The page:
Record £1.3bn fraud committed to end the 'naughty Noughties'

A RECORD £1.3 billion of fraud was committed in the UK last year, capping a decade described as the "naughty Noughties" in a closely-watched study published today.

KPMG Forensic's fraud barometer also reveals that fraud in Scotland remained above 20 million for the second year running.

The accountancy giant said the 2000s had been a decade of fraud, reaching a peak in 2009 when 1.3bn of cases came to court. Last year's total is the highest figure since KPMG began compiling data in 1987.

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North of the Border, there were 18 cases brought to court last year with a total value of 20.7m, according to the latest barometer.

In 2008, KPMG's research showed 15 cases were heard at courts in the country with a value of 24.7m.

Ken Milliken, head of forensic at KPMG in Scotland, said that while fraud levels had fallen slightly in the past year, the long-term trend remained firmly upwards, despite measures by the Scottish Government to tackle business crime.

He noted: "Instances of fraud being committed in Scotland and brought before the Scottish justice system remain high. In the last couple of years, the Scottish Government has announced investment in the prevention and detection of business crime, and several recommendations have been made to help improve the fight against business fraud in Scotland.

"Nevertheless, there are still opportunities for authorities, and businesses, to be working more closely together and sharing information in an effort to tackle business crime."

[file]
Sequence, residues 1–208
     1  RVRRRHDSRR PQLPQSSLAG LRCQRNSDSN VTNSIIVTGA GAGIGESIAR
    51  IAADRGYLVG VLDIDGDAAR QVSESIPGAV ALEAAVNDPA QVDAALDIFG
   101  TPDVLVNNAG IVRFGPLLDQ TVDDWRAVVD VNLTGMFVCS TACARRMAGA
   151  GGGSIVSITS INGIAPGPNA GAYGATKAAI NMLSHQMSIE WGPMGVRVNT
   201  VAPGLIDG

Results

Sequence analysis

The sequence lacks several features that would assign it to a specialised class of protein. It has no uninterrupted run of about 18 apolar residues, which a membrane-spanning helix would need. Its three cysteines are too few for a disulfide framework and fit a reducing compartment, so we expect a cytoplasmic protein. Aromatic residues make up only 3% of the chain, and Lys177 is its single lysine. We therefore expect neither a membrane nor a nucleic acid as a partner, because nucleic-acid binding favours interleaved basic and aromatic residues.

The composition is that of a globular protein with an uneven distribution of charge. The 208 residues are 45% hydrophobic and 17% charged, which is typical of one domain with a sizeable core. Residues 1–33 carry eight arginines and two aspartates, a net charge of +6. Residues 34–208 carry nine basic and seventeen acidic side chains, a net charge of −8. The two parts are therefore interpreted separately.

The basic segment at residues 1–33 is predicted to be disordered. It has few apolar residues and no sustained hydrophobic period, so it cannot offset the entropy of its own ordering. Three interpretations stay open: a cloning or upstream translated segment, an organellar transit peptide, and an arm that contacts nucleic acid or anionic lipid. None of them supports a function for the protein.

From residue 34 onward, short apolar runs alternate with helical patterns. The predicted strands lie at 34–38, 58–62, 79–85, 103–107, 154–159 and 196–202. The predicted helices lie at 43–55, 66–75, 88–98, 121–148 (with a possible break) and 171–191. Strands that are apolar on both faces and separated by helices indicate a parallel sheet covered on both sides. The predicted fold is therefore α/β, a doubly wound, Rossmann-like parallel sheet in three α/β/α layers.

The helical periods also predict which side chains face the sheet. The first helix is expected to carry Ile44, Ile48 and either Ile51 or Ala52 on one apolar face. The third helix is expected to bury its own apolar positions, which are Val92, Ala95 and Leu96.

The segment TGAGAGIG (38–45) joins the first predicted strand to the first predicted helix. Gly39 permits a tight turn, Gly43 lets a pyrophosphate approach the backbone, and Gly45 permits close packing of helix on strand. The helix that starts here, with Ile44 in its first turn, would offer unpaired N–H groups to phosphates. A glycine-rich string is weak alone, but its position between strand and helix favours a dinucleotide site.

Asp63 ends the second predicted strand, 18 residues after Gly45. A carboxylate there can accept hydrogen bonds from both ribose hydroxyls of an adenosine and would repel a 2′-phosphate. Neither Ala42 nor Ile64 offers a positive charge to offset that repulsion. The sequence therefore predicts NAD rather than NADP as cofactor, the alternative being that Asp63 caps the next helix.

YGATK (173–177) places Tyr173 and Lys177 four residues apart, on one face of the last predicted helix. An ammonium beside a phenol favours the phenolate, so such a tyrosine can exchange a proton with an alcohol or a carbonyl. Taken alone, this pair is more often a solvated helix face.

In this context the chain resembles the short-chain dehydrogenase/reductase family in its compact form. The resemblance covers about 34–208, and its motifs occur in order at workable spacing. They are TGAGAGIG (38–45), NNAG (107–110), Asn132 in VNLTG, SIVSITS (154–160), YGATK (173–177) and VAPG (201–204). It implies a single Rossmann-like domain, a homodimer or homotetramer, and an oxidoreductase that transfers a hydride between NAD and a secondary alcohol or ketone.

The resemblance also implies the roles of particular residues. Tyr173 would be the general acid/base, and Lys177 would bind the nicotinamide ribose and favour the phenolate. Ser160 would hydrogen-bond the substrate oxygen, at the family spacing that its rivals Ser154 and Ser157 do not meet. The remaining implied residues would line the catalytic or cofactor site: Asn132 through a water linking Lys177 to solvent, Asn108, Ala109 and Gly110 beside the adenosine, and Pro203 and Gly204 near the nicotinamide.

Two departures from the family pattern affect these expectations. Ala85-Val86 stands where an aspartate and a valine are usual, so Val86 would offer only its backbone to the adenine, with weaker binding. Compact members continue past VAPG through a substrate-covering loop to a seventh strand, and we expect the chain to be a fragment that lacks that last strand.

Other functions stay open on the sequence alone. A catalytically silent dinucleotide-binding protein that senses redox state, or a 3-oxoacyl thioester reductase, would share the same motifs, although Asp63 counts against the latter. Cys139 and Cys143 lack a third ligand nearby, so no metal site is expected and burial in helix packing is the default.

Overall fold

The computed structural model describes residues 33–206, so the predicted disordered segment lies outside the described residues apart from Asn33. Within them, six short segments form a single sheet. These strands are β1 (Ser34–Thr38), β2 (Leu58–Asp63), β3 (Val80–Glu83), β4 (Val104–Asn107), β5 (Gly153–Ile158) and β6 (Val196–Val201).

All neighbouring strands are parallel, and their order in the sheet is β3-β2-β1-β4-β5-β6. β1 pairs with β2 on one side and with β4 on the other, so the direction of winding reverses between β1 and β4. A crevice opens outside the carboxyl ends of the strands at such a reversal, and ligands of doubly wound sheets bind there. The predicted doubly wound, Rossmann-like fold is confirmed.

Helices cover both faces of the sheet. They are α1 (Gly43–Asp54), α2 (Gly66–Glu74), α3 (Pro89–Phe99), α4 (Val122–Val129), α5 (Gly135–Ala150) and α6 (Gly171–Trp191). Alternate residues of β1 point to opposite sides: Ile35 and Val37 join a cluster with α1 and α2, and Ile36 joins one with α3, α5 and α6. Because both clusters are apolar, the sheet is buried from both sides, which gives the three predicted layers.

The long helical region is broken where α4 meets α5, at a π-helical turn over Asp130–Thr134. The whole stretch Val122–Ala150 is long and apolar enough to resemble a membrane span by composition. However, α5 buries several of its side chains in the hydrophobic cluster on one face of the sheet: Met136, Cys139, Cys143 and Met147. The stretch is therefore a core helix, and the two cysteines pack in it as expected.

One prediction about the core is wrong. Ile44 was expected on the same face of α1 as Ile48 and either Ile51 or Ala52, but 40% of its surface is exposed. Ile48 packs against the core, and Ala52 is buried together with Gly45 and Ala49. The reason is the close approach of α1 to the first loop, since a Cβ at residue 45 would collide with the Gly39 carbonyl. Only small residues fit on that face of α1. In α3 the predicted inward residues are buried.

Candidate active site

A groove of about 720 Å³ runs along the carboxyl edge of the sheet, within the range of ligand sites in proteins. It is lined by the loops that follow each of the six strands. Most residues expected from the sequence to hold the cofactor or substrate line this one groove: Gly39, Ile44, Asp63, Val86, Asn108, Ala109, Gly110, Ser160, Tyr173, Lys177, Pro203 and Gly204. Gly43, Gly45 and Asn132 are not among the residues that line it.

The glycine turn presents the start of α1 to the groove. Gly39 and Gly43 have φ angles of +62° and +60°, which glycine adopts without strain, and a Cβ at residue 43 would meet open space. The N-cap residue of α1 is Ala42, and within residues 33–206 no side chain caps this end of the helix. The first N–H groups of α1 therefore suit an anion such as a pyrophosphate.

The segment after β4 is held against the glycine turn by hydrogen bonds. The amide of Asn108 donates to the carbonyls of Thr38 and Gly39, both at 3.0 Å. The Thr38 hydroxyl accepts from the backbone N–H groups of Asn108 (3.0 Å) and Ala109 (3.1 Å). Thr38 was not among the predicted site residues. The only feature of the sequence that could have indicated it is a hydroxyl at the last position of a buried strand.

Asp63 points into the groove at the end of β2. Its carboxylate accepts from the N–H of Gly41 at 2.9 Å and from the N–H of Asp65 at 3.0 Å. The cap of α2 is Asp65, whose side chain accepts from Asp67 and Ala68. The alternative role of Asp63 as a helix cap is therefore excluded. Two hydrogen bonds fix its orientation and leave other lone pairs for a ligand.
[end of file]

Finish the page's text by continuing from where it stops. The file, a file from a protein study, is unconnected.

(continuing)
Milliken said a boom in technology had caused fraud cases to rise. He said: "Computerisation and globalisation have made fraud easier, quicker to carry out across international boundaries and easier to conceal.

"Organised criminals in particular have taken advantage of this. Identity theft is a continual problem, alongside more 'traditional' frauds including insider trading and price-fixing cartels."

KPMG Forensic's fraud barometer includes cases heard in the UK's courts where charges are in excess of 100,000. In one case last year in Scotland, an IT professional printed 185,000 in fake bank notes while another saw fraudsters posing as bank employees.

Taken together, the Noughties saw a major uplift in serious fraud cases compared with the previous decade – some 1,750 cases came to court, against 700 in the 1990s. In excess of 7bn of fraud was heard in Britain's courts in the past decade, compared with less than 5bn in the 1990s.

The 2000s were also characterised by a series of global fraud "super-cases", although none of these have to date occurred in the UK. The alleged frauds by individuals such as Bernard Madoff and Allen Stanford have run into the billions in their estimated value.

Milliken added: "It is essential for companies to rigorously screen potential employees and carry out proper background checks. Knowing who you employ and the extent of any risk they pose is a key line of fraud defence."